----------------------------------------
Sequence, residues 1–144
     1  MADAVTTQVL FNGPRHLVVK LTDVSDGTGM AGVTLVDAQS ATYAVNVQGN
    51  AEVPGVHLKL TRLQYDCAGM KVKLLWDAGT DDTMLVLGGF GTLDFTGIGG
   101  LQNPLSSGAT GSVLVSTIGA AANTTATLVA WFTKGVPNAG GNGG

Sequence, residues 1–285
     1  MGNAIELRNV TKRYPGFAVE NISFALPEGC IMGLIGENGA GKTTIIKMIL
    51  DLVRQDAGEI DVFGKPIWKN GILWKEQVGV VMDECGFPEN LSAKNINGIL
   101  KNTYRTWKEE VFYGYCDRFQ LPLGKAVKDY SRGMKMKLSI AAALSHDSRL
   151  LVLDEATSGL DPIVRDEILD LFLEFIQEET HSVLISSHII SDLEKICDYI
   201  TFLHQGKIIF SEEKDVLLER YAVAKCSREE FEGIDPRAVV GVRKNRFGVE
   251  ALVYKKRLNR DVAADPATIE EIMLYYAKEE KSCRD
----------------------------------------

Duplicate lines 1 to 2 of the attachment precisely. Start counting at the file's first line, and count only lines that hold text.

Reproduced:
Sequence, residues 1–144
     1  MADAVTTQVL FNGPRHLVVK LTDVSDGTGM AGVTLVDAQS ATYAVNVQGN